Conference Day 2

25 03 2007

Following are again some fairly unorganized reflections on Day Two.

Simplified definition of Autism: impairments in social interaction, impairment in communication, and restrictive repetivie and stereoyped patterns of behavior, interests, and activities.

Pause Procedure – 12-18 minutes attention span=need to “turn and talk” at least that often (more for younger learners) to ensure comprehension. 

Change in placement, standards, goals, adaptations, supports, and instruction, should all be considerations when talking about least restrictive environment.

Honor first where people are already at (things they do well, things they , then help them build skills in other areas.  Like building off of their strengths instead of exploiting weaknesses.

Echolalia – used for many purposes: buying time, form of communication – could be seen as a very involved form of communication.

Inclusive schooling as an action
Right now, placement is supposedly based on a clinical judgment of the student’s performance, behavior, ability, etc.  This is a myth however: consider a student who is tested in Wisconsin and gets some placement.  Would that student get the exact same test results and placement if he or she moved to another state – or even another district?  Highly unlikely. 

Literacy – kids, especially those on the spectrum, get better at comprehension when they see their peers and the teacher make their own understandings of the text or pictures.  Comprehension requires background knowledge so that there is a context to place that new knowledge into.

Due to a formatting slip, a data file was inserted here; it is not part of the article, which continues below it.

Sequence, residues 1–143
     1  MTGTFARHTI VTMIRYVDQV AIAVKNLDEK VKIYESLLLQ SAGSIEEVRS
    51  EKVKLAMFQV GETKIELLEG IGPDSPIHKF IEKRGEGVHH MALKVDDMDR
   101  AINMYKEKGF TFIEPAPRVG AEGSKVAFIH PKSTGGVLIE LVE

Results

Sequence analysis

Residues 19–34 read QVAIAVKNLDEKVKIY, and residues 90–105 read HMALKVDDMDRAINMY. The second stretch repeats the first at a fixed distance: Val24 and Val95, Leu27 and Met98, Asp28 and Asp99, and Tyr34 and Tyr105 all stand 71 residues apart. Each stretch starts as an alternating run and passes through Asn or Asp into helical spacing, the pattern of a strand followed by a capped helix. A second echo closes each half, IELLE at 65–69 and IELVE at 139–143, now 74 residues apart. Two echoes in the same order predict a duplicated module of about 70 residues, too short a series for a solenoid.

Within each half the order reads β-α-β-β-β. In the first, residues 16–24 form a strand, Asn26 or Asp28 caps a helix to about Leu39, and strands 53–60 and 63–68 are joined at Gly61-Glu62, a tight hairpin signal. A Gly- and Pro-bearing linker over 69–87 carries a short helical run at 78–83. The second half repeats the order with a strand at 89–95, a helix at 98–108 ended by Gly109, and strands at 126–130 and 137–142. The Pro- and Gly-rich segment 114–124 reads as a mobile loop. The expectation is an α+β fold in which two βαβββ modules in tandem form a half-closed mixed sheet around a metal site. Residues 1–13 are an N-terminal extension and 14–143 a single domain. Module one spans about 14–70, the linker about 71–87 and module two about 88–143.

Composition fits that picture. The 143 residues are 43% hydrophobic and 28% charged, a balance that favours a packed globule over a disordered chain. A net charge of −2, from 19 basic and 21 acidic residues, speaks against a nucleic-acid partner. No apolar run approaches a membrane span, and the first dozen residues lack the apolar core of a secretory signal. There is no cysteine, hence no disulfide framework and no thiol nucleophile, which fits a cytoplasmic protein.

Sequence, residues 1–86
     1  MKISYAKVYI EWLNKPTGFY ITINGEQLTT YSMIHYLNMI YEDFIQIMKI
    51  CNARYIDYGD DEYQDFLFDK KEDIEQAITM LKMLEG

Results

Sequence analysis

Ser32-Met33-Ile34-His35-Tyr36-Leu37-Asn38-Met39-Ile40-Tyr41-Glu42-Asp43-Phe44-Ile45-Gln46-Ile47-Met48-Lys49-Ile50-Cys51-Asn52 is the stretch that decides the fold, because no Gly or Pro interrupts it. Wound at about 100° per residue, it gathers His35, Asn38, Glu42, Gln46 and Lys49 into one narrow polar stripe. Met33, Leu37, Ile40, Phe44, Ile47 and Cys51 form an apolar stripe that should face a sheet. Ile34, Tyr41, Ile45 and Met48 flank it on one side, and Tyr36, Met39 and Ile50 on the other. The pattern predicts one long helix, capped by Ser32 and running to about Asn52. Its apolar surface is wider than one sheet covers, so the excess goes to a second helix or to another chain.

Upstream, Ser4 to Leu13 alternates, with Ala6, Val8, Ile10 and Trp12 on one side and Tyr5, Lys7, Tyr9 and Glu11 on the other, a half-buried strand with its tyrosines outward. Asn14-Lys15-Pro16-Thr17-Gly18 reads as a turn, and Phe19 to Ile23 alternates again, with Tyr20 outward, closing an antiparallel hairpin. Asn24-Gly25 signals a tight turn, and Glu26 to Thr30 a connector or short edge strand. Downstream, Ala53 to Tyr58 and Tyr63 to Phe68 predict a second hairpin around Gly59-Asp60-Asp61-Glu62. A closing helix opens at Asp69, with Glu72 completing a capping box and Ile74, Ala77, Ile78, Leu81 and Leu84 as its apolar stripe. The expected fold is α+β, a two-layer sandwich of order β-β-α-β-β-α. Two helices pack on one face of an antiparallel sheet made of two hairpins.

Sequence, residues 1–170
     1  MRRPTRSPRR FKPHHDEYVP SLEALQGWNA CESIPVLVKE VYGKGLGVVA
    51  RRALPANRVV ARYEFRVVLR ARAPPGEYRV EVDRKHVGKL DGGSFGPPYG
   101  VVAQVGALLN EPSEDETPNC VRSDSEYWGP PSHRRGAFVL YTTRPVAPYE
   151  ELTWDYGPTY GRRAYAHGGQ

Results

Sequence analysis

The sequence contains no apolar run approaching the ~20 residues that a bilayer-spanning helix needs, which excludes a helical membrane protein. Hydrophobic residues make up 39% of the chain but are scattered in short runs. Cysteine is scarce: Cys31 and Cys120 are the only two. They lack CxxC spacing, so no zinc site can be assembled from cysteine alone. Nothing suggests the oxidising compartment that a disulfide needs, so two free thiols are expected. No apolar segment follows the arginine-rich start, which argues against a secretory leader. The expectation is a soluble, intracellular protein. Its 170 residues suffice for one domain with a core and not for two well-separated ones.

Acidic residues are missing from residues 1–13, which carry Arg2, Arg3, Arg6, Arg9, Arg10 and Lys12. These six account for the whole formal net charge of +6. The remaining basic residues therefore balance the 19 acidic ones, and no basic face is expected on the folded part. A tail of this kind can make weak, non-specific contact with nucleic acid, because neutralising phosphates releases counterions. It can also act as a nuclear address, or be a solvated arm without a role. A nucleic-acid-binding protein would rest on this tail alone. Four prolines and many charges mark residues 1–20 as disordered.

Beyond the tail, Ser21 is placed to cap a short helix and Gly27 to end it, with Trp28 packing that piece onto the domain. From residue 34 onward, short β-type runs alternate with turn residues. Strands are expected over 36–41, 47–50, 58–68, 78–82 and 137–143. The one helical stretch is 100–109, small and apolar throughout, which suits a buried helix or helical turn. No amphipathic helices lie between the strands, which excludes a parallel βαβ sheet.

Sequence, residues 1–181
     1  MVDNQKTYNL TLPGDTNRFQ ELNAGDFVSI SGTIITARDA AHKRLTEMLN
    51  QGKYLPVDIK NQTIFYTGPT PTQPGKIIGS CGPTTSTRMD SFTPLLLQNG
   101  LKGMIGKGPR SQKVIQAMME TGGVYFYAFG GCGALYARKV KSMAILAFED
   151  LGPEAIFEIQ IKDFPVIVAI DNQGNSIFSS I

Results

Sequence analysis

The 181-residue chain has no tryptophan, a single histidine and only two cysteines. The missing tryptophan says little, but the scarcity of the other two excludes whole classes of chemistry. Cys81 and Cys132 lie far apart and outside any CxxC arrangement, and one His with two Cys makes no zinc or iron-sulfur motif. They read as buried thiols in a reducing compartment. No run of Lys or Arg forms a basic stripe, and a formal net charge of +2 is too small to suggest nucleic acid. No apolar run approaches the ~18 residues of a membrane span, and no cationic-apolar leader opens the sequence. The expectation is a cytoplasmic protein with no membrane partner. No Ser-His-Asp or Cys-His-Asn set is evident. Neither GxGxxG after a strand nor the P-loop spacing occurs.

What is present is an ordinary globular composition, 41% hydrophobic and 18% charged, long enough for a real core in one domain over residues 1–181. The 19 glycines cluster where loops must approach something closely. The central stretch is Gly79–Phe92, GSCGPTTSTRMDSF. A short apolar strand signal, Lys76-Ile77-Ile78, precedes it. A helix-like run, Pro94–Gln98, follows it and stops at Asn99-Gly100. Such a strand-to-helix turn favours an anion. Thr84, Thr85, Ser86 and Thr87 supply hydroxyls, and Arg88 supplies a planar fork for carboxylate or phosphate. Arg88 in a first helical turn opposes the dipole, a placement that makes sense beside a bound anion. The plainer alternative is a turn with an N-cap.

Some kids are able to understand communication better if that communication better if it is indirect.  Sometimes the means that information is presented is too “in your face” that the listener loses the entire message.
Methods for communicating indirectly: microphone, puppet, use accent, writing, singing/rhythmic language.

Overall – day 2 offered a look at the ideas behind inclusive instruction.  Not so much as a “place,” but as a spectrum of services.  For me, it was a reiteration of concepts I’ve been hearing and working to employ for my students.  Day 2 gave me an opportunity to really reflect on where my students are at: are they in the least restrictive environment?  Could they perform as well in the regular education classroom given some supports?  Before the end of this school year, I hope to apply this way of thinking to my IEP placements.  I want to ensure that all of my students are in the best learning environment.  I think it is worth the extra time and effort to find strategies to help them succeed there instead of “pulling them out” to be in the resource room just because that has always been the first response.




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